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This is a brand-new watch...

Understand that this discussion is about a particular rabbit hole. Don’t mistake it, for instance, with vintage skeuomorphism, as Fuji did rather elegantly in the camera market:

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We’re talking about making a product your own because it shares your life and ages with you. And Fuji doesn’t compete with Leica for that reason (even if Leica did fall into the Laco trap).

Said differently, you can get a unicorn tattoo on your ankle at sixteen; it doesn’t get you closer to being Amy Whitehouse (or Leonard Cohen, for that matter).

Now, I must concede that my examples of mechanical watchmakers are a tad biased. If they are tech companies, they leverage technologies we no longer need. Even if they play the game of inventing new complications and movements, there is no real need for a mechanical watch or a suitcase not made of last-gen memory-form polymers. But because we don’t need them anymore, craftsmanship is valued.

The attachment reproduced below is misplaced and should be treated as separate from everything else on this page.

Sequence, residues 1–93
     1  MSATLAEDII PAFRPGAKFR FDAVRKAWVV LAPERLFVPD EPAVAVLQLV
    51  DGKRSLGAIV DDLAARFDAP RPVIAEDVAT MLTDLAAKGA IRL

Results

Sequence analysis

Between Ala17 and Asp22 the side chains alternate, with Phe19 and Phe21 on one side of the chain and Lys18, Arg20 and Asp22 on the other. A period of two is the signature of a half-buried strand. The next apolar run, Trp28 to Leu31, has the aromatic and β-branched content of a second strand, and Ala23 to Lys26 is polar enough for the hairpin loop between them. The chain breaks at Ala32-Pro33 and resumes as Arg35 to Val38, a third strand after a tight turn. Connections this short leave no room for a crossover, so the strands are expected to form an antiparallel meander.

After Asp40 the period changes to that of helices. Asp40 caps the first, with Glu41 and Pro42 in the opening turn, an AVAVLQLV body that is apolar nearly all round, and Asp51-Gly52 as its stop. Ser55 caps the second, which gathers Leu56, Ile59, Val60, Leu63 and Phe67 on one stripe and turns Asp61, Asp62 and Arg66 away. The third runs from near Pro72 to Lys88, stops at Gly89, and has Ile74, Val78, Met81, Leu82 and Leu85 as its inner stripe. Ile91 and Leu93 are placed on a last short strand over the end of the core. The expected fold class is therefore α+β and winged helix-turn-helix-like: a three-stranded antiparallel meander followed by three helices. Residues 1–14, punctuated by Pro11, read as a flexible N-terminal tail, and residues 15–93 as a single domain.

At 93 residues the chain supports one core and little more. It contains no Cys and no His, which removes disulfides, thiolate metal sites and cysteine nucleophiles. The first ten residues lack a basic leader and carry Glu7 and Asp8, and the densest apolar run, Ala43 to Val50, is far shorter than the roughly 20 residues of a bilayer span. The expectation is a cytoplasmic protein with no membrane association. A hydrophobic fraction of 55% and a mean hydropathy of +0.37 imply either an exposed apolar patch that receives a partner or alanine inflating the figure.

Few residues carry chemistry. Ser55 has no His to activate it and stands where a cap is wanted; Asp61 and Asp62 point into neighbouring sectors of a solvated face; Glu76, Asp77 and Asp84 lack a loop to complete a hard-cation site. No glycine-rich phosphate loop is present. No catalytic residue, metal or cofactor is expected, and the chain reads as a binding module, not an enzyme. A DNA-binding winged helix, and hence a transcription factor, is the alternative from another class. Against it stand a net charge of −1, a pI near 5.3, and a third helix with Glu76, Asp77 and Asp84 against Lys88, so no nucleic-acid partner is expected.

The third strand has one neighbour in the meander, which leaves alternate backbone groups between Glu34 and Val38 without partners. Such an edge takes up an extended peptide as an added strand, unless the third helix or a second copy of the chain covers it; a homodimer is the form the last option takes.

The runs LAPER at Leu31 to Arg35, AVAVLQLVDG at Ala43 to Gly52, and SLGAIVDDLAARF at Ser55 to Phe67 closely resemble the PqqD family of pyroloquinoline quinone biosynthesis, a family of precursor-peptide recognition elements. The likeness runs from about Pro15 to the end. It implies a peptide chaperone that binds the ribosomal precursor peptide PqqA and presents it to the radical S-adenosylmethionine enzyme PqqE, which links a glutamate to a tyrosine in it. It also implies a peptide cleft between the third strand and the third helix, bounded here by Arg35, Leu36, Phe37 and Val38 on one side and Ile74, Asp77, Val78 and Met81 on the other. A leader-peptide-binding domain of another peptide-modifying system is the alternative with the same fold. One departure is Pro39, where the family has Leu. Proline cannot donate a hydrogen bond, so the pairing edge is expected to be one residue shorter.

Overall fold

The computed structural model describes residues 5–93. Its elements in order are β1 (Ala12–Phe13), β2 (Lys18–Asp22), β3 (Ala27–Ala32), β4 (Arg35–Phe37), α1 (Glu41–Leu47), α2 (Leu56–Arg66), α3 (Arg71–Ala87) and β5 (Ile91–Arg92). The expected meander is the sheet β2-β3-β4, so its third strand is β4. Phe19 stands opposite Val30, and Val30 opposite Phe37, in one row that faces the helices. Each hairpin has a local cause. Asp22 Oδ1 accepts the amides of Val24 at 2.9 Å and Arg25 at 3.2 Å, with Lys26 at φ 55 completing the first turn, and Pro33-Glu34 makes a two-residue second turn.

And contrary to cutting-edge technology, craftsmanship ages very well, thank you.

This is where Californian tech companies cannot get deep into the rabbit hole. Your product can only age and develop some critical qualities required for a luxury product when you don’t have to innovate like a gerbil on crack.

In 2015, I was already intrigued by this problem and wrote an article in French that you can find here. At the time, I discussed several dimensions of what distinguishes ‘real luxury’ from ‘simple premium.’ I was already discussing the pertinence of the gold edition and the Hermès strap then.

But in retrospect, although I was quoting Patek Philippe (another watch company)…

You never actually own a Patek Philippe. You merely take care of it for the next generation.

I think I was missing the point that it’s not only the history of the watch that makes it valuable; somehow, these memories are embedded in the scratches and tarnishes. They are both much more tangible and personal. They make the soul of the product appear.